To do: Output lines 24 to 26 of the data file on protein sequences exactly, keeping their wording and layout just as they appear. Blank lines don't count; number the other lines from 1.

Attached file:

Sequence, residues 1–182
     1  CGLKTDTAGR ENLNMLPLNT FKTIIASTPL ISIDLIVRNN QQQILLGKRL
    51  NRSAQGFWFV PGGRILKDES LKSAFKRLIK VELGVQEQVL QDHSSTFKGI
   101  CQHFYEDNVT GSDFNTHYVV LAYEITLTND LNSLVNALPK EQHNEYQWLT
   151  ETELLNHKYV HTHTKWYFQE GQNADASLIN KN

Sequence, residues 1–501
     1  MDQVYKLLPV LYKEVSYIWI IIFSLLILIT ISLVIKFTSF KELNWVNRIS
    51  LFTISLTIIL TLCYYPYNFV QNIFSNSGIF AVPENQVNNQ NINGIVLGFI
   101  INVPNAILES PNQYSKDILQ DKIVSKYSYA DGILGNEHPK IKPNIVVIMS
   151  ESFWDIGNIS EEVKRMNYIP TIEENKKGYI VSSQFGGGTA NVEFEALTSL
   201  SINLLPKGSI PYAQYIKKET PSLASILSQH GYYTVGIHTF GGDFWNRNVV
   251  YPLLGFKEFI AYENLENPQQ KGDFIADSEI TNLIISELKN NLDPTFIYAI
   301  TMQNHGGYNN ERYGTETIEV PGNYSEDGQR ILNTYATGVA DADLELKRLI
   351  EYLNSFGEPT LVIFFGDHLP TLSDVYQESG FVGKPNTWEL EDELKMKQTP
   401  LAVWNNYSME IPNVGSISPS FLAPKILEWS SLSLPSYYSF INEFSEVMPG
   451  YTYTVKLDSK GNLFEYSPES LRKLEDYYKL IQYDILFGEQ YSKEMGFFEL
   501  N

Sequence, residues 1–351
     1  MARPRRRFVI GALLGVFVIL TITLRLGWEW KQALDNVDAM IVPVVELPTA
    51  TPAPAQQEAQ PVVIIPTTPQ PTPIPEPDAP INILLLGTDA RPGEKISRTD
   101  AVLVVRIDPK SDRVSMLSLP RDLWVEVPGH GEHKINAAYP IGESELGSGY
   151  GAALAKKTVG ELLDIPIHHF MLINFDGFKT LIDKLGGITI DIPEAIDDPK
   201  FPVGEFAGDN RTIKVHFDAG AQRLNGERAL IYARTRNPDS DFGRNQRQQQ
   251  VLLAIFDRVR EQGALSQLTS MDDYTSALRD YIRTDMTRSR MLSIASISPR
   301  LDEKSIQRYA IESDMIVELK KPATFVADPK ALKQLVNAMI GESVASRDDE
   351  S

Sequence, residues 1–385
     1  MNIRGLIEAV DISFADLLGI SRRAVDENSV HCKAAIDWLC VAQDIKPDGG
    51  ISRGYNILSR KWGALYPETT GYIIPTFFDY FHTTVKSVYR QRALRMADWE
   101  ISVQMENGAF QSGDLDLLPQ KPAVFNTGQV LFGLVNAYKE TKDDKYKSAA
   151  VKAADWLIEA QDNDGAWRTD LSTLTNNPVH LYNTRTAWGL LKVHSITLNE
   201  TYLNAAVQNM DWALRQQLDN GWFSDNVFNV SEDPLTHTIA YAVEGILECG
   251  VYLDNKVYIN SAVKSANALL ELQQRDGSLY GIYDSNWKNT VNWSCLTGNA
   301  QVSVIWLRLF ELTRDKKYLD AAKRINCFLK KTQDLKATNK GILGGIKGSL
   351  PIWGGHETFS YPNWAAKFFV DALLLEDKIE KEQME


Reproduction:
   251  VLLAIFDRVR EQGALSQLTS MDDYTSALRD YIRTDMTRSR MLSIASISPR
   301  LDEKSIQRYA IESDMIVELK KPATFVADPK ALKQLVNAMI GESVASRDDE
   351  S